My responses to these comments are that to reach many angry, unmotivated students, we must have the courage to modify our unsuccessful interventions, interventions that may actually increase a student's lack of interest in school. As I noted above, this should not be taken to imply that we refrain from applying consequences, but rather that we also expend energy on developing innovative strategies that will help to alter these students’ negative views so that they begin to perceive the school environment as a place in which their strengths rather than deficits are highlighted; if this change of attitude is achieved, increased cooperation, accountability, and productivity are likely to follow. I would also contend that there are enough activities in schools to engage all students, whether they are demonstrating problems or not, in tasks that convey a sense of contribution and belonging. I wish to emphasize that these activities need not take any time from teaching but rather can become an integral part of the curricula and interwoven with the teaching of all academic skills and content.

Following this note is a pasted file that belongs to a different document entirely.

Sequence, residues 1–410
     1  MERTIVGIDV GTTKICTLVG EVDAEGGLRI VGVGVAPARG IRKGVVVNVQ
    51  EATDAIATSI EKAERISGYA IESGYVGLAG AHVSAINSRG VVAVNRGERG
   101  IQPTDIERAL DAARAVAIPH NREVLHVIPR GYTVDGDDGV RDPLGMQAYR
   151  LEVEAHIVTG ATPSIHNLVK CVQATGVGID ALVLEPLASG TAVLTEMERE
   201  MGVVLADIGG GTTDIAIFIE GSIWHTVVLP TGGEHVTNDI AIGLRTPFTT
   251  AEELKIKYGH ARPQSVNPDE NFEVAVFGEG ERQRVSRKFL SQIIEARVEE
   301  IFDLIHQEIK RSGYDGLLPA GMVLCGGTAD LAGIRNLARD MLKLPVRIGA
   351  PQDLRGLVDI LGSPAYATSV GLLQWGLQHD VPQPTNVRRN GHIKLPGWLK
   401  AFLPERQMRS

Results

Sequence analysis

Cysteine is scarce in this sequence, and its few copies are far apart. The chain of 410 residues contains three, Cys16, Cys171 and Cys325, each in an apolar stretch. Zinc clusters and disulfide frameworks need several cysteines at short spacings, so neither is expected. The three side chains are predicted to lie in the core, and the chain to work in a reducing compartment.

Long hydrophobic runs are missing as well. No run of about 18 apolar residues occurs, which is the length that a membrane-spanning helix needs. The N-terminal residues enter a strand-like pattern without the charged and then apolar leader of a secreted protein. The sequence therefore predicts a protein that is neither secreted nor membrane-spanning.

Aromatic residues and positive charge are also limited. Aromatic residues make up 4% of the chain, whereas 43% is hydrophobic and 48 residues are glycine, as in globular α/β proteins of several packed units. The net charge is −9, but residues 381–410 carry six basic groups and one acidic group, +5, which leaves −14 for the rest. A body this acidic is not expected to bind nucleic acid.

Given the importance of what I consider to be a more positive approach to lessening anger and alienation in our schools while reinforcing motivation, responsibility, learning, and caring, let’s examine several more examples that involve students in the act of helping. As you read these examples, reflect upon your own life, your own experiences in school, and your current experiences. Can you think of times your sense of self-worth and motivation were reinforced as a child or adolescent because someone conveyed a belief in your ability to contribute to others? Even as adults our self-esteem and positive feelings towards our place of employment are enhanced when we assist others and feel that we make a positive difference in the workplace. I have often said that if we do not insure that students have the opportunity to make a positive difference, they will discover ways to make a negative difference.